- LDS Relief Society
LDS Relief Society
The Female Relief Society of Nauvoo
The Female Relief Society of Nauvoo 1842-44, was an early ministerial and priesthood organization for LDS women. It was founded as a “society of sisters” who worked on the Nauvoo Temple interiors and textiles, organized by Sarah Melissa Granger Kimball and her seamstress Margaret Cook, along with Eliza R. Snow who wrote a constitution. This society was a revival of an earlier “sewing society” or “band of sisters”, first organized by Sophronia Smith in Kirtland, who worked together on the Kirtland Temple interiors and textiles in 1833-36.
The Female Relief Society of Nauvoo was formalized on March 17, 1842 as an ecclesiastical body of the Church with “keys” and administrative authority over itself, as a female body of priesthood. “The Society should move according to the ancient Priesthood” and “make of this Society a kingdom of priests as in Enoch’s day–as in Pauls day.” Joseph Smith told “Elect Lady” Emma Hale Smith and her counselors he would “ordain them to preside over the Society— and let them preside just as the Presidency, preside over the church.”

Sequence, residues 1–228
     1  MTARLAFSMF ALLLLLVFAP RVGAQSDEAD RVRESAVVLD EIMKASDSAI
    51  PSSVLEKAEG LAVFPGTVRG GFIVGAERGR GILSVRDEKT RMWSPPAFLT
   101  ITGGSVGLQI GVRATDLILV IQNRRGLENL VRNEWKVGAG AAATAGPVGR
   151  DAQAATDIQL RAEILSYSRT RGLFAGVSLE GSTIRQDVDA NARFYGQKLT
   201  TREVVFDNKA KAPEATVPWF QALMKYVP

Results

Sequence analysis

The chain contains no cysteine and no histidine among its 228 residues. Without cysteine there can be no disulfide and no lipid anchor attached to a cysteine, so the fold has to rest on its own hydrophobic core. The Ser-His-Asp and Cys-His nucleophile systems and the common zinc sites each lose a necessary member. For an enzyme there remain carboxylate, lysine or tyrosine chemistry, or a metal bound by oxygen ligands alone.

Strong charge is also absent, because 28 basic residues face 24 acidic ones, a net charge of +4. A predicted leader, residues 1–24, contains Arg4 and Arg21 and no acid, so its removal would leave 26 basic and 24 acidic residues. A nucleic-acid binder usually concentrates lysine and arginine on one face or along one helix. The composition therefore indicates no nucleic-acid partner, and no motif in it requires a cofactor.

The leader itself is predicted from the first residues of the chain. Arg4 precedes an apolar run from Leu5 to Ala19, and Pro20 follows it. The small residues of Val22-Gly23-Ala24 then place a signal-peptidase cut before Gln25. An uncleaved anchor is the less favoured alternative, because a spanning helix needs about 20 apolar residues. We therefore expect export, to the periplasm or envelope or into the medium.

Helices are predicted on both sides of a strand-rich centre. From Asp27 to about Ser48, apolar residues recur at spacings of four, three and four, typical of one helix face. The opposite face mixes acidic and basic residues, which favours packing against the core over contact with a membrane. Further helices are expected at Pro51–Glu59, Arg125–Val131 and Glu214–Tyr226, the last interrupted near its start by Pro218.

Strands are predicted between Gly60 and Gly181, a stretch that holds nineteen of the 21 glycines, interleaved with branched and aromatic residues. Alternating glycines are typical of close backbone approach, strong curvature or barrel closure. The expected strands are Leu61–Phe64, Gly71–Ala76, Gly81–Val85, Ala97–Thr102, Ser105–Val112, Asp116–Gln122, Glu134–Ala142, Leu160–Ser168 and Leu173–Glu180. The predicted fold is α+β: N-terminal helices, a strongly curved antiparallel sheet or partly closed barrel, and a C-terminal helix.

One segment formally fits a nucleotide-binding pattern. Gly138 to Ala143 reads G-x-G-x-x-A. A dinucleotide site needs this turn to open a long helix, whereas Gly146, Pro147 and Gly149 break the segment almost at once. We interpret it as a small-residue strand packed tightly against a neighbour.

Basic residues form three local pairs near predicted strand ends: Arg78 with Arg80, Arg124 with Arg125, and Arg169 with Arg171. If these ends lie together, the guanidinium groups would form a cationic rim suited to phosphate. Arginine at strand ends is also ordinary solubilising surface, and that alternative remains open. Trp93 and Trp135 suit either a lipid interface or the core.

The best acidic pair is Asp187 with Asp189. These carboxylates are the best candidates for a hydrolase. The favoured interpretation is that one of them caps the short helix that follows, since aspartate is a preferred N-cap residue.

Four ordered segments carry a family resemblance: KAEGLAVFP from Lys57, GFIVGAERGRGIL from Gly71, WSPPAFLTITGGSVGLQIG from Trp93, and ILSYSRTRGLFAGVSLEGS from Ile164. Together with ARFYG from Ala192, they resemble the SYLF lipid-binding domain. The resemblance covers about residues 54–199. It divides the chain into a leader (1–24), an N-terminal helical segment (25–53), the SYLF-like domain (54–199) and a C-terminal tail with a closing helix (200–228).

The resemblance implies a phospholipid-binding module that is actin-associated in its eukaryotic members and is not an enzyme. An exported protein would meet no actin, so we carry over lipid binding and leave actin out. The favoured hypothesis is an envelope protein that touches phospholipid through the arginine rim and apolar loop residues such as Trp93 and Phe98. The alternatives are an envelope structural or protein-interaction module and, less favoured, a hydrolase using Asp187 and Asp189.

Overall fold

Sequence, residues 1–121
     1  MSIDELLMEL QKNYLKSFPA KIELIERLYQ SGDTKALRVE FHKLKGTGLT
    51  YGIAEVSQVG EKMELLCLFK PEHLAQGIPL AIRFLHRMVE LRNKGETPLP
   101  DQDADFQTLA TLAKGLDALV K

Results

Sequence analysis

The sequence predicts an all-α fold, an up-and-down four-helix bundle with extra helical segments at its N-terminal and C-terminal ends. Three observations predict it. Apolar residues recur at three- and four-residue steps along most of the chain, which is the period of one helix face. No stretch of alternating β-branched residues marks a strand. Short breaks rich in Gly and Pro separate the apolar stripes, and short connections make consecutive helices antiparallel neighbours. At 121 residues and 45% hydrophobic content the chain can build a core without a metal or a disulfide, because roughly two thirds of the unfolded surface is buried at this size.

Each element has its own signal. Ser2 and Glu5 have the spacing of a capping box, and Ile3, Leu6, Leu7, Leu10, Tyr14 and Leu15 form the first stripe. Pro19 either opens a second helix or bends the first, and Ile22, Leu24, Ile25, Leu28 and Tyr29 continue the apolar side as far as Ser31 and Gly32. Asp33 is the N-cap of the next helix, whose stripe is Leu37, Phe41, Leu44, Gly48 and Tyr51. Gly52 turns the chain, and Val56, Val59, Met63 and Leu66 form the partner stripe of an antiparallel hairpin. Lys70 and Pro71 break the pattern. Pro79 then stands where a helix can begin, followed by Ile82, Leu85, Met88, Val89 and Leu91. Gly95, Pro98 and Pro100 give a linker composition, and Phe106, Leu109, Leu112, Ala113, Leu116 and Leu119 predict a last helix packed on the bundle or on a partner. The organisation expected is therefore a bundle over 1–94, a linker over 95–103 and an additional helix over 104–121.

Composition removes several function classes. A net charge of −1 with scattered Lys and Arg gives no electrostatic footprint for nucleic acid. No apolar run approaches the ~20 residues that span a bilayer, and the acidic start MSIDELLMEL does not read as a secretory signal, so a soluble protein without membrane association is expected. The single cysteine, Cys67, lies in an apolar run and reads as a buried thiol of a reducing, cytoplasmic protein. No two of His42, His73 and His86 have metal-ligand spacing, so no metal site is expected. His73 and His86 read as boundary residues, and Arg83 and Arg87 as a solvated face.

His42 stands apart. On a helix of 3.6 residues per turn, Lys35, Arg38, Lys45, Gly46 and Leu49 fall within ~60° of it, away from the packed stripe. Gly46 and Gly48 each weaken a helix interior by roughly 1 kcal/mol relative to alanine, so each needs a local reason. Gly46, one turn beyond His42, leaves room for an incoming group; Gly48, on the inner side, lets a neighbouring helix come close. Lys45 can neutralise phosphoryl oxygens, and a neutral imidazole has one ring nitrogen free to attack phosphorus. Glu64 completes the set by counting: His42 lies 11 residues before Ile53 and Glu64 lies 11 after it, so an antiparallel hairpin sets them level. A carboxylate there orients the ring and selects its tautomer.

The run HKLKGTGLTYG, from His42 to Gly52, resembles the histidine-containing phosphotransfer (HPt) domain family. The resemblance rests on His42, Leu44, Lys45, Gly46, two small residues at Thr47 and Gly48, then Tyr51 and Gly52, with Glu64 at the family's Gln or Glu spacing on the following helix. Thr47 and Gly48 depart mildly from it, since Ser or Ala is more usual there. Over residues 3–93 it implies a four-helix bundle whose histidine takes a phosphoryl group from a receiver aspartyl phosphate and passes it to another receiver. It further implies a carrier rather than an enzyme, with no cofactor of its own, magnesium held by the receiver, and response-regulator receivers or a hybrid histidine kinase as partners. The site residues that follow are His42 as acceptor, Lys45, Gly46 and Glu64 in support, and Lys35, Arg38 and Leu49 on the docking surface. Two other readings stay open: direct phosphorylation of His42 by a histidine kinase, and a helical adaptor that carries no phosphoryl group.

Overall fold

The Society disbanded temporarily in 1844-45, but resumed their work unofficially during the emigration to Utah 1846-1849 and during the 1850’s-60s in Utah, until formally reorganized in 1866 with Eliza R. Snow as its leader. Snow wasn’t “ordained” President until after Emma Smith died in 1879, since the office of R.S. President was a calling for life, like Church President. Eliza R. Snow was formally “ordained” as R.S. President in 1880. The first four R.S. Presidents (Emma H. Smith, Eliza R. Snow, Zina D. H. Young, Bathsheba B. Smith) held the office of President until their deaths; the fifth R.S. President, Emmeline B. Wells, was the first to be released from her office in 1921, but she died immediately after, due to “a broken heart.” Since then, all R.S. Presidents have served for a period of time, from 5 years to 30 years, then released from office.